by Ken Rankin

Washington — The right of accounting firms to offer tax services to audit clients — an issue that Congress effectively ducked in drafting the Sarbanes-Oxley Act — is back under active debate in Washington by rulemakers at the Public Company Accounting Oversight Board.

The PCAOB reopened that prickly subject during a day-long “roundtable” discussion with representatives from over two dozen major accounting firms, government regulatory agencies, public interest organizations and investor groups concerned about the independence of auditors who provide tax and other non-audit services to their audit clients.

At issue: whether Securities and Exchange Commission rules implementing the Sarbanes-Oxley auditor independence provisions go far enough to erase what PCAOB Chairman William McDonough called the public’s doubts about “whether accounting firms showed appropriate objectivity in their audit work.”

Under SOX, accountants who audit the financial statements of public companies are prohibited from providing bookkeeping, appraisal and certain non-audit services to their audit clients. The law, however, does not bar auditors from offering tax services, provided that they are approved by the company’s audit committee.

The list of “impermissible” non-audit services is not carved in stone, however. SOX specifically authorizes the PCAOB to revisit and issue regulations prohibiting other services by auditors, including tax services.

In reopening the debate over whether tax services should indeed by prohibited, McDonough said that during the past year “new concerns relating to auditor independence have come to the public’s attention.”

“These concerns relate to the tax services and products that audit firms provide to their clients and the senior executives of those clients, including extremely aggressive, if not abusive, tax strategies that may, by their nature, impair the objectivity of the auditor,” he said.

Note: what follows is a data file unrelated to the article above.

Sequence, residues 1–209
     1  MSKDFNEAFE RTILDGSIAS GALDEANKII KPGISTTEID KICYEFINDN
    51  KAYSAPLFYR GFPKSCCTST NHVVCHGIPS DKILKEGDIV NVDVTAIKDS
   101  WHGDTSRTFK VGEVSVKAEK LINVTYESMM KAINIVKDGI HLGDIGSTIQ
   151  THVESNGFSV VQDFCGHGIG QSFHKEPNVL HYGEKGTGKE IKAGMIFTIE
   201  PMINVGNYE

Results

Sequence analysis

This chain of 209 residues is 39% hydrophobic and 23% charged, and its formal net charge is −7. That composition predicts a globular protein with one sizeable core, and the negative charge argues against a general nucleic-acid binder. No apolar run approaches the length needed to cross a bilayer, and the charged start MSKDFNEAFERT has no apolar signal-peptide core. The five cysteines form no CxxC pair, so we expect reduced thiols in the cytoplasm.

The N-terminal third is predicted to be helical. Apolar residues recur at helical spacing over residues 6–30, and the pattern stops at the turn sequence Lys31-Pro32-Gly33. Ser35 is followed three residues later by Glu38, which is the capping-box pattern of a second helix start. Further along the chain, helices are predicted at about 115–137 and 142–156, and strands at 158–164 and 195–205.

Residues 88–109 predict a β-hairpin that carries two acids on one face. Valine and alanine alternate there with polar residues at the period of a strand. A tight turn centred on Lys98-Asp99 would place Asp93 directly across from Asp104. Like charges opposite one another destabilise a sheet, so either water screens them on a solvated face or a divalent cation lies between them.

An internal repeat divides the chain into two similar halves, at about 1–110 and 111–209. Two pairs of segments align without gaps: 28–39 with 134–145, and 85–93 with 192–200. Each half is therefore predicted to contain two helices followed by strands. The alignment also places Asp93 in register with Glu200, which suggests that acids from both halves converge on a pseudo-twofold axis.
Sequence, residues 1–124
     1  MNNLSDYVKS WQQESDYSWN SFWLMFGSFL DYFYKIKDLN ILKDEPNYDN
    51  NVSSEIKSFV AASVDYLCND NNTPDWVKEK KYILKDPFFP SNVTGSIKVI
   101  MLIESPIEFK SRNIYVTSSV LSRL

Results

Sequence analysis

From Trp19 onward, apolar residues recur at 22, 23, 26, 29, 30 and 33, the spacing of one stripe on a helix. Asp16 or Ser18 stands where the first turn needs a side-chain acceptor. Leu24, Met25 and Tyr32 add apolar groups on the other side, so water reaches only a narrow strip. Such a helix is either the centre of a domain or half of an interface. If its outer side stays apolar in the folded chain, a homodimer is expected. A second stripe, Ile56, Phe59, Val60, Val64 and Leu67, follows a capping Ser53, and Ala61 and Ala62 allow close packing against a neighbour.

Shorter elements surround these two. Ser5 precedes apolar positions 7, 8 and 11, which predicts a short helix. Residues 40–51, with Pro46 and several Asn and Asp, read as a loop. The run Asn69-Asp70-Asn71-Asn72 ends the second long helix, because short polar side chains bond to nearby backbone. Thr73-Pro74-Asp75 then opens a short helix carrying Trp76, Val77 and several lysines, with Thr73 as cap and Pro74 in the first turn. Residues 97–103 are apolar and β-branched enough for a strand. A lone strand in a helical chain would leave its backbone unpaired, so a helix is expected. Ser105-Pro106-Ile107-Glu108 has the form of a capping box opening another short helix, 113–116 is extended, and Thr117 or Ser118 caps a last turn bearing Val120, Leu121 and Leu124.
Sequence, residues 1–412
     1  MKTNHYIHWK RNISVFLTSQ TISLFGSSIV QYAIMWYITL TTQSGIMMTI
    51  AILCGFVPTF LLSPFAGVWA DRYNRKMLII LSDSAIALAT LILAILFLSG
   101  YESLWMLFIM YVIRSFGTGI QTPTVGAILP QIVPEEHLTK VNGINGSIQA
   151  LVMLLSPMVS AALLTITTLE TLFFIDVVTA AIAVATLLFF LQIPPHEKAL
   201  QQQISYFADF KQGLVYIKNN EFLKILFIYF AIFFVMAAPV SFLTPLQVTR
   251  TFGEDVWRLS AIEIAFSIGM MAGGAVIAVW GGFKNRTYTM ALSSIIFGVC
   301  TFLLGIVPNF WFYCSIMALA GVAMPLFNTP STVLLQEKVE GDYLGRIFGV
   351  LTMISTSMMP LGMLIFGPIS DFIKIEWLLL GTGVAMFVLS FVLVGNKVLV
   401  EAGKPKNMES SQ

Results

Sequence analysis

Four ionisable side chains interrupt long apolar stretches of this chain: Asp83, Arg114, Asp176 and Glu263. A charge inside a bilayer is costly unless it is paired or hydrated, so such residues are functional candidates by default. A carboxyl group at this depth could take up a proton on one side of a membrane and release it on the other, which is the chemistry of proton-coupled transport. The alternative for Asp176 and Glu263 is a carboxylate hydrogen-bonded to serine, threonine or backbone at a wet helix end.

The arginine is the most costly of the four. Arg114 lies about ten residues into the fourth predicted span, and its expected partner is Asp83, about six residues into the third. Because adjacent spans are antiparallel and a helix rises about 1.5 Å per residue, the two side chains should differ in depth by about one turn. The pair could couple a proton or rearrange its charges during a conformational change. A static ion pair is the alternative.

SEC chief accountant Donald Nicolaisen made it clear that he shared those concerns.

Noting that the Internal Revenue Service has declared a number of the “highly engineered tax products” mass marketed by accounting firms to be “abusive tax shelters,” he suggested that auditors crossed the line by promoting these schemes. “Personally, I believe that no accounting firm should be in the business of selling these kind of tax products to their audit clients.”

IRS Commissioner Mark Everson voiced similar concerns, noting that auditors face clear objectivity problems when they are put in the position of judging the appropriateness of “highly engineered tax products” sold to the audit client by their own firm.

“It’s impossible for me to understand how an auditor can have the same view of a transaction if the firm has an economic interest in the success of that transaction,” he said.

Nicolaisen also said that the SEC staff would like to see the PCAOB assume the role of primary standard-setter and the source of advice and guidance on auditor-independence issues, thereby assuming duties currently held by the SEC.

A number of accounting industry representatives made the case that there are legitimate reasons for companies to secure tax services from their auditor.

Deloitte & Touche partner Scott Bayless argued that many clients prefer to obtain tax services from their outside auditor because of the relationship that exists with the audit firm.

Tom Ochsenschlager, vice president of taxation at the American Institute of CPAs, agreed that many clients see advantages to having tax and audit work handled by the same firm. “The advantage of having the auditor on board with the tax expertise” is that issues associated with the company’s tax returns are “more likely to be spotted, and spotted much earlier in the process,” he said.

Others at the meeting, however, told the PCAOB that mixing tax and audit services creates clear conflicts for auditors.

Consumer Federation of America investor protection director Barbara Roper expressed concern that the independence of auditors could be compromised if they are put in the position of rendering an opinion on the appropriateness of a tax strategy recommended by tax accountants at their own firm.

Meanwhile, AFL-CIO associate general counsel Damon Silvers also called for restrictions on providing tax services to audit clients, arguing that the marketing of tax strategies to audit clients should be banned outright.

PCAOB staff news
Separately, the board named Richard D. Clark as its director at the Office of Financial Analysis and Risk Assessment.

Clark, 63, a retired captain of Naval Reserve Intelligence and a CPA, comes to the board with a 27-year background in forensic accounting. The board said that the office would “collect, assimilate and analyze information from multiple sources and provide assessments of risk and related insights.”

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